Stress Urinary Incontinence is the involuntary passage of small amounts of urine that occurs when one laughs, coughs/sneezes or exercises. This is often experienced after pregnancy/childbirth but can also be seen with significant weight gain and conditions associated with chronic pushing/coughing such as chronic constipation or asthma. It may also be more noticeable after the onset of menopause.
Stress urinary incontinence is treated with physical exercises. When this fails, there are surgical options. Surgery for stress urinary incontinence is an outpatient procedure with excellent outcomes.
Conversely, Urgency and Urge Incontinence is the involuntary passage of urine that is accompanied by the desire to urinate. Individuals feel they are unable to “make it to the toilet in time”. Patients often describe specific triggers, such as “putting a key in their apartment door” or “opening the bathroom stall”. This condition is often more noticeable with age, and is often worsened by bladder irritants. The most common bladder “triggers” are caffeine, tobacco, alcohol and artificial sweetener.
For urgency and urge incontinence, counseling and behavioral modifications are sometimes all that is required to improve bladder symptoms. For some, bladder medications provide relief. There are many medications from which to choose, including a newer medication with fewer side effects. When these options fail to bring relief, patients may choose to have a Botox bladder injection which will relax the bladder and thus prevent the spasms which are responsible for the leakage. Or, they may choose to try a sacral neuromodulator which is a tiny device that sends an electrical impulse to the bladder to prevent involuntary bladder contractions and therefore improve leakage.
In 2017 we are fortunate to have many tools in our armamentarium to offer to those suffering with urinary leakage. Please give us a call or request an appointment online to see how we can help.
Kidney stones may present in various ways. Most often, they present with intermittent radiating pain on one side and can be accompanied by waves of nausea and/or vomiting. Other, may lead to significant changes in voiding patterns, such as increased urgency and frequency of urination, intermittent flow, burning and/or blood in the urine. Sometimes kidney stones are completely asymptomatic and may be picked up as an incidental finding when patients undergo imaging for other reasons. Patients may have a “positive urine analysis” and be found to have microscopic blood or inflammatory markers in the urine. Kidney stones may be diagnosed with medical imaging such as ultrasound, xray and/or CT scan of the Abdomen and Pelvis. Once diagnosed, if a patient is asymptomatic, it is important to follow them to confirm passage of the stone, either with spontaneous passage or with some type of intervention.
Most often, stones that are found within the ureter (the tube that drains the kidney and connects to the bladder) or those that are obstructing the kidney (which means they are causing backup of urine, thereby putting pressure on the kidney) require treatment. An “obstructing stone” prevents drainage of urine from the kidney and can lead to infection, sepsis and over an extended period of time, loss of renal function. These could also lead to formation of ureteral strictures. Kidney stones don’t always require immediate intervention. They may not need any treatment, other than making dietary and or medication changes to avoid an increase in stone size and number.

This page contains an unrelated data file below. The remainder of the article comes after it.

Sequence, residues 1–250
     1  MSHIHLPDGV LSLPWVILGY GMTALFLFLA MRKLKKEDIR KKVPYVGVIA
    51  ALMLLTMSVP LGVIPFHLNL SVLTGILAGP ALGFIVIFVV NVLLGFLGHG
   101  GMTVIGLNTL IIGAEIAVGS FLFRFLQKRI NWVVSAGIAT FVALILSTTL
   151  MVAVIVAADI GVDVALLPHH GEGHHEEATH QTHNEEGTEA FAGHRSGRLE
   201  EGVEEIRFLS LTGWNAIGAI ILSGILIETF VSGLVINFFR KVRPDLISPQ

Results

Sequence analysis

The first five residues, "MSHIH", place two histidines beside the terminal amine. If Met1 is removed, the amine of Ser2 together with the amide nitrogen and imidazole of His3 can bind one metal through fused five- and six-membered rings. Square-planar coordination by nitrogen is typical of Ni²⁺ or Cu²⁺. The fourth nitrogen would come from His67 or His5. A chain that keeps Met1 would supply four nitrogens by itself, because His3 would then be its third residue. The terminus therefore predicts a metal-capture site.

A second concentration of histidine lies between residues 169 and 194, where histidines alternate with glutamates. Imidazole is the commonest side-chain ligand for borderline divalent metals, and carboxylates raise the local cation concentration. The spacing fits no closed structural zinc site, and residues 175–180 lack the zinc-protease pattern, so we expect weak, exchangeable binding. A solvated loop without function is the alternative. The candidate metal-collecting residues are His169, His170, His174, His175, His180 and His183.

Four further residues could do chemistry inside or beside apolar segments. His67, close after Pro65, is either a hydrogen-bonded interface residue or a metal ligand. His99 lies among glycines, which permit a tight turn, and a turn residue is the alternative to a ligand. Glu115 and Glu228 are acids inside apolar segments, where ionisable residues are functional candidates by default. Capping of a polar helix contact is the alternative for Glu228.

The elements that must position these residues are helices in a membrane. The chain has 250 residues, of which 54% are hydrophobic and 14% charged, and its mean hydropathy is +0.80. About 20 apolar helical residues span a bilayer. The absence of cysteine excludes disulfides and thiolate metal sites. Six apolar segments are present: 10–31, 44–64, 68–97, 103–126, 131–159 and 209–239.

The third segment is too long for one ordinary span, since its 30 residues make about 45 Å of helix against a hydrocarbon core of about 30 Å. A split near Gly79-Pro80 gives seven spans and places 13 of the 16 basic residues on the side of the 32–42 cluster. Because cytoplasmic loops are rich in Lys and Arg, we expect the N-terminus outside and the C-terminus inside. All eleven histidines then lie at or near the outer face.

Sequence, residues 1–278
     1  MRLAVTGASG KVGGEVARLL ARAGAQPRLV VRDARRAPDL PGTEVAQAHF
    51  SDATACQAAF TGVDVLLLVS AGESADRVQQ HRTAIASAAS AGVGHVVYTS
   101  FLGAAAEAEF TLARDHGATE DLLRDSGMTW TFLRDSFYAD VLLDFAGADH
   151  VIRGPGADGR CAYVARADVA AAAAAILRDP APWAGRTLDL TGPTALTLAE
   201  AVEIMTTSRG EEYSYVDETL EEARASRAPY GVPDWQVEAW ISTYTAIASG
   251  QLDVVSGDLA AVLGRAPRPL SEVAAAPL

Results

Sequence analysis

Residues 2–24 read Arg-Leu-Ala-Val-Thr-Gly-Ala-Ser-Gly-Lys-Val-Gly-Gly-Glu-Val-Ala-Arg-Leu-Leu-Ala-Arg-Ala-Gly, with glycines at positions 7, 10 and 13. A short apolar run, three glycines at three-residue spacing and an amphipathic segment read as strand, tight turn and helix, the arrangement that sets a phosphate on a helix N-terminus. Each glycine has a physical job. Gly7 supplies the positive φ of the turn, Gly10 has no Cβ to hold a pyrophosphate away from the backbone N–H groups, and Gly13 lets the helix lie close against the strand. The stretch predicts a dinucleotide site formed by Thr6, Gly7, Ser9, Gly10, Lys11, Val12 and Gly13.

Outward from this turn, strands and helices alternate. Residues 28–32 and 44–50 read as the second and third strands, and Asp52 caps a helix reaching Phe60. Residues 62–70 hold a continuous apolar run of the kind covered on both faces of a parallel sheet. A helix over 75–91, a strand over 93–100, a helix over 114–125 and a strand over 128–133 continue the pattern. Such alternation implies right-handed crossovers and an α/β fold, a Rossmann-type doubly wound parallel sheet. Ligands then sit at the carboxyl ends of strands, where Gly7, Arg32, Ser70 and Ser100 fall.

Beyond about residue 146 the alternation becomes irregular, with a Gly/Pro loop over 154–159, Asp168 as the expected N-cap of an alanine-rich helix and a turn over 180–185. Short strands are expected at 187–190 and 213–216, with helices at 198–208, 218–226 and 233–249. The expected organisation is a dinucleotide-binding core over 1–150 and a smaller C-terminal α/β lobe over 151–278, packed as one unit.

Management of stones depends on the location, size and number of stones. It must be individualized to each patient and depends often depends on one’s overall medical health. For evaluation, a full dietary intake with a complete medical history and physical is required. Though most stones are composed of calcium oxalate, the reason one forms stones will vary from patient to patient. Issues may include poor hydration status, acidic urine, high salt intake, large meal sizes, too much animal protein (which is found in beef, chicken and fish). Excessive intake of vitamins C, D, high dietary salt intake or calcium supplements can also contribute. You should not make dietary or medication changes until a full evaluation has been completed. For example if you have been diagnosed with osteopenia or osteoporosis (i.e. bone loss), and have kidney stones, do not change your bone health medications without the proper medical advice. Patients with gout or high blood levels of uric acid have a higher risk of forming stones. Interventions shown to decrease stone recurrence rates include drinking at least 2.5 liters of water per day, maintaining a normal calcium diet and adhering to a low salt diet. Appropriate modifications can be made once a 24 hour urine collection is performed.
If you feel you may have a kidney stone, please call our office (212-570-6800) for an appointment. We can offer same day evaluation and treatment as indicated.
Dear CIGNA OPEN ACCESS PATIENTS:
Recently, several Cigna imaging claims were reprocessed. CIGNA reviews imaging claims through their third party contractor MSI. The affected claims were assigned patient responsibilities which were not due. Some of you who paid, co-pay, coinsurance and deductible may have received or will receive a refund if your claim was one of the affected. Please note this only relates to claims where imaging services were billed.
You’re welcome to call our office if you have any questions, or email us to askbilling @ nyurological.com.